I just got my computer back and working after literally DAYS without it. It was horrible. I hope you can empathise. This of course now means that my productivity in anything non-computer based, like reading and generally learning stuff, will plummet profoundly.
I was taken to the technology district of Nanjing to go and try and find out what was wrong with the bloody thing by two of my flatmates. They happen to both be gay and make a wonderful couple. This also apparently seemed to give them licence to, pretty much constantly, compliment me and talk about me. I was told I had a great figure, that my skin was so lovely and white, my eyes so wonderfully blue, t’was lovely to receive such praise… but what the hell can you say to that? Fanx lol!
It turns out the fuse in my plug had blown and run out of battery. Therefore, seeing as the retailer I asked had no new plugs of the British disposition, I had to buy a Chinese lead. I groaned at the prospect, expecting the price to be extortionate, it turned out to be 10RMB, the equivalent of £1. I love China!
I am also overly excited about the fact I now have a Chinese plug on the end of my computer. I feel like a local, no longer burdened by the need of chunky adaptors – so liberating!
A part of me is a little annoyed though. I was all set out for a prolonged laptop-fast. I would have been able to read books, study hard for the exams (which are now less than a month away by the way!) and write in my diary (as in a real book, with pages and inks and stuff – not a website), which I have now started updating properly.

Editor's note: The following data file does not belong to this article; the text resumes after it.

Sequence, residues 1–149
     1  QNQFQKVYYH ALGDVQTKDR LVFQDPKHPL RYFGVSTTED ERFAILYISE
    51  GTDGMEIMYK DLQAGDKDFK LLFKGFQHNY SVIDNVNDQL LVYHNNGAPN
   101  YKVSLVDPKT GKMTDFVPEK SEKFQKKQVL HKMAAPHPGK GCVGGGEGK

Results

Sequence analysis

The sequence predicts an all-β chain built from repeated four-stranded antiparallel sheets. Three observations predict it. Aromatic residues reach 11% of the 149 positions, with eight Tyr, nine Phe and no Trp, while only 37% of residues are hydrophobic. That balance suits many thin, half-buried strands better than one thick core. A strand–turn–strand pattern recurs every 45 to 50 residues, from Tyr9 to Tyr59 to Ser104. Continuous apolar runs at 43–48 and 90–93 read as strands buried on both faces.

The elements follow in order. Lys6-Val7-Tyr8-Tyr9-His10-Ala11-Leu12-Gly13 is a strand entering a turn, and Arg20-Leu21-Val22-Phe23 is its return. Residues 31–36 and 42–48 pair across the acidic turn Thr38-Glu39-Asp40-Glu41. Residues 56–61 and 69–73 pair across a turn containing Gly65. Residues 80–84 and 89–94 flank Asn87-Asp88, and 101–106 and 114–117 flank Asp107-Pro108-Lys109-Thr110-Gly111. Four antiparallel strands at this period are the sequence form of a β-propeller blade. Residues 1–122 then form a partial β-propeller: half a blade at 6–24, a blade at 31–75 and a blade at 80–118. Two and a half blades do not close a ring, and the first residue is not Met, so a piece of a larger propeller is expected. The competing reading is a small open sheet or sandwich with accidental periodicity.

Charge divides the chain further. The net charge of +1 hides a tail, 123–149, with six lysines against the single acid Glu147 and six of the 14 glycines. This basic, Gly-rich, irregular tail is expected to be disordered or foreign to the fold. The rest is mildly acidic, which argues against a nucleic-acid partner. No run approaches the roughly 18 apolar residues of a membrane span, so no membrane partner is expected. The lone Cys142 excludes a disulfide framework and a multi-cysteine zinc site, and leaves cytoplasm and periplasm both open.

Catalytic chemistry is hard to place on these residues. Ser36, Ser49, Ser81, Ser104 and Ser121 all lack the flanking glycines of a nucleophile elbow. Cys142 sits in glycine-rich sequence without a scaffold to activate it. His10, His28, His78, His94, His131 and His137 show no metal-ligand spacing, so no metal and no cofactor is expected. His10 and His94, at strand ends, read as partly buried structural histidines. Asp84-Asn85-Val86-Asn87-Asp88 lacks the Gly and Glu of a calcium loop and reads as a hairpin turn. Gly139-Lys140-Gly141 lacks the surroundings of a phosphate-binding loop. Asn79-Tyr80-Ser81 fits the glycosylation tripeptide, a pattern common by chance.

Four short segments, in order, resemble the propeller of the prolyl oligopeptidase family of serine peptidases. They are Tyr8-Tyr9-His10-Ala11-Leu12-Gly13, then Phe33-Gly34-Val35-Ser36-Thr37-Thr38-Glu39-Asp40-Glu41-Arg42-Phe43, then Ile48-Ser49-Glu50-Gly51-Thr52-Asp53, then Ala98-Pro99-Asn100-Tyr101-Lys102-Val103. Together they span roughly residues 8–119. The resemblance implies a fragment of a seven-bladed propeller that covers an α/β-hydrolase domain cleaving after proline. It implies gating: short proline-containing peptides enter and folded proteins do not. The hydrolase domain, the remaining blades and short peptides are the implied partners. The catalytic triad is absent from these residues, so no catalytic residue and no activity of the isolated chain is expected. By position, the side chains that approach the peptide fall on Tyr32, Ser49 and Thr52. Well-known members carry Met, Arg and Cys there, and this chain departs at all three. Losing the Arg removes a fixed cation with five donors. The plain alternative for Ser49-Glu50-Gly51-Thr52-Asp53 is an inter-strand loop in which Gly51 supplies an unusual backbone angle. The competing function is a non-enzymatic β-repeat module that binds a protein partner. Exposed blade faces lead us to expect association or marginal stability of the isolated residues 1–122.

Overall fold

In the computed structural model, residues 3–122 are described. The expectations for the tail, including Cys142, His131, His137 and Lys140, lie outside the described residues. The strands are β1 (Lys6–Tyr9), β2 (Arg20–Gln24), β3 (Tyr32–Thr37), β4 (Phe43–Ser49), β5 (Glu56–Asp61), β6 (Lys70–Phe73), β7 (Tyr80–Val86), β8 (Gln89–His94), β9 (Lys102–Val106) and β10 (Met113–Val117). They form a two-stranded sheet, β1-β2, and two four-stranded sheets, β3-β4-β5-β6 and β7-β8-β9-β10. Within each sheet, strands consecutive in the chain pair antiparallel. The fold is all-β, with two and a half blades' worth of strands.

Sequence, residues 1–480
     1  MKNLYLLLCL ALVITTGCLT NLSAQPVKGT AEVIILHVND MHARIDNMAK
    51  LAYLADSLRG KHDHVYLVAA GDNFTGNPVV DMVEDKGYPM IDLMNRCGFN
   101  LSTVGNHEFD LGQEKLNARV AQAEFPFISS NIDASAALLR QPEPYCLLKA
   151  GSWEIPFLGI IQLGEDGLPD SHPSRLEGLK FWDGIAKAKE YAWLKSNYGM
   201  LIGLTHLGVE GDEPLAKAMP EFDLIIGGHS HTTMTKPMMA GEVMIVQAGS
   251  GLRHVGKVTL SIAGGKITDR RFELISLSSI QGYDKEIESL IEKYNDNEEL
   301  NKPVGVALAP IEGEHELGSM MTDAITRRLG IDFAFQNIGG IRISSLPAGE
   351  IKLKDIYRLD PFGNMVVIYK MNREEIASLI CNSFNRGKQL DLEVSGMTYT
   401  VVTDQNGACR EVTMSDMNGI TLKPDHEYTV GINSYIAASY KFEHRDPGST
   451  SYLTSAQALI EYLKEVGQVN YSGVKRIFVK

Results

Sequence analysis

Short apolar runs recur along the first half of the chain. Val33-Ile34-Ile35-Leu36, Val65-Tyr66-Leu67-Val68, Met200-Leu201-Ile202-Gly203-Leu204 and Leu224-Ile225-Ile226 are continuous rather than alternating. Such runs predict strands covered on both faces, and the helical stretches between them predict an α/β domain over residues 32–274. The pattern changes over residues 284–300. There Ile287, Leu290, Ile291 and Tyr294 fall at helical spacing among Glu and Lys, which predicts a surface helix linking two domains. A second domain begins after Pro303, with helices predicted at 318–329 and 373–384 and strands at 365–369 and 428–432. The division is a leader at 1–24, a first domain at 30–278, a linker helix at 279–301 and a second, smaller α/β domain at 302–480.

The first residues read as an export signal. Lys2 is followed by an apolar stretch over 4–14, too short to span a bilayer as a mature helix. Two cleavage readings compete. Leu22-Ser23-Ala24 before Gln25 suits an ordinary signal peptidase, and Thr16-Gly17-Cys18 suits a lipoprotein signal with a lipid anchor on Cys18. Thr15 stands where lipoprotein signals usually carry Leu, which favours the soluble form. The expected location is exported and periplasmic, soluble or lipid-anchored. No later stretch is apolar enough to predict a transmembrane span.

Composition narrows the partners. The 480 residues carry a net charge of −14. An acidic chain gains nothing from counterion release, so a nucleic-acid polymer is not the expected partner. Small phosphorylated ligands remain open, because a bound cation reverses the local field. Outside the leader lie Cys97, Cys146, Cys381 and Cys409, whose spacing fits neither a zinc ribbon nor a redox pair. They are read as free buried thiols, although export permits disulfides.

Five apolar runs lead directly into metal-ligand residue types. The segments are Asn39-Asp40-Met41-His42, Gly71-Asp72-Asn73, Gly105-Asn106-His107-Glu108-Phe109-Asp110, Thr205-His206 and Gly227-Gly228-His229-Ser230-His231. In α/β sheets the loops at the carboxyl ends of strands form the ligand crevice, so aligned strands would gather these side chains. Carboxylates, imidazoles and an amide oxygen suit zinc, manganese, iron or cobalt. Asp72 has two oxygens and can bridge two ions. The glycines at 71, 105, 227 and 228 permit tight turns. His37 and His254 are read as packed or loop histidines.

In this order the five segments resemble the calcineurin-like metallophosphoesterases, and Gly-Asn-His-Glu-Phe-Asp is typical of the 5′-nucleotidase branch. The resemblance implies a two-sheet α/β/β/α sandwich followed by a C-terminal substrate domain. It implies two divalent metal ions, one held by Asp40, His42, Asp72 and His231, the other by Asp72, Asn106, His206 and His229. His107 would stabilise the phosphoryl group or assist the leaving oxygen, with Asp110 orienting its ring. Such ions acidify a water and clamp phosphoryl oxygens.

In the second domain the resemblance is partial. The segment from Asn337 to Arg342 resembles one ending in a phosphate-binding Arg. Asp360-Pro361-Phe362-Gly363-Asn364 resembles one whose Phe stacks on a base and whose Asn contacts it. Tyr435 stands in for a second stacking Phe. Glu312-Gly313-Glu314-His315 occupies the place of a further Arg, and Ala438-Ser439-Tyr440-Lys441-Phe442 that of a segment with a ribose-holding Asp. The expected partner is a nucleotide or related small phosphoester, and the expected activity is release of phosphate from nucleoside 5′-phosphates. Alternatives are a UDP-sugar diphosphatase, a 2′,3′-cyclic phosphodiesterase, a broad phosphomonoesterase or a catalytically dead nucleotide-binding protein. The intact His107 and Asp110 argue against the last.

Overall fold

But alas! What do I do as soon as I get the VPN on my computer working again? Twitter, YouTube, Facebook; all typed in and loaded in quick succession. When I have a computer with an Internet connection in front of me it’s like dangling heroin in front of a recovering addict.
I am worried a little about how connected I am to the Internet and therefore the rest f the world here. I suppose I would have to be plonked in the middle of the Sahara to get away from it now-a-days, but then there would inevitably be some catacomb with a WiFi terminal.
How much can I really get involved and immersed in China when I have the BBC and Lady Gaga’s Bad Romance but a click away?
In other news I am a little frustrated with my Chinese right now. I have just got back from boxing, something I am so glad I took up. At the end of the session I was sitting there, all topless and sweaty and the like, when this guy with whom I have spared with in the past, Song, came up to start a conversation.
I understood absolutely nothing apart from the fact he was talking about my membership card. I then tried to steer the conversation towards something closer to my level of understanding, asking him how old he was and what job he did. His age I comprehended with ease (he is 26) but all I got from asking his profession was that its second character was “术” (shu)…
I just looked it up on nciku.com and it turns out he works in technology… I have so many questions now! What kind of technology (技术)? Do you work with computers? If I have problems with my computer, could you possibly pop over, figure out that my laptop has run out of battery and then proceed to laugh at me?
As it stands, I had no idea what “术” meant, so the conversation simply petered out into awkward silence. I think he then mumbled something about needing the toilet – I put some clothes on and then left.
It’s so bloody frustrating! I have quite a good reading level in Chinese, along with my writing, and my listening, despite the complication with Song, isn’t horrific. But I just can’t bloody communicate! This is the first time in my language learning history that my speaking has been so bad in comparison with my other disciplines. Oral has always been my forte!
It is I suppose, so much in this country, very humbling.